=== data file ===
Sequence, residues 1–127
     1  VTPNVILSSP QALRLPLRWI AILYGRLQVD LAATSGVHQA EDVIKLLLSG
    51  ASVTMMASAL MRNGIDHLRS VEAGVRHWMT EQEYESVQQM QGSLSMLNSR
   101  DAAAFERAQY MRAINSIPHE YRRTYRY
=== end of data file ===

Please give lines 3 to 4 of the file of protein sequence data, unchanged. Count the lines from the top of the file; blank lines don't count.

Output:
    51  ASVTMMASAL MRNGIDHLRS VEAGVRHWMT EQEYESVQQM QGSLSMLNSR
   101  DAAAFERAQY MRAINSIPHE YRRTYRY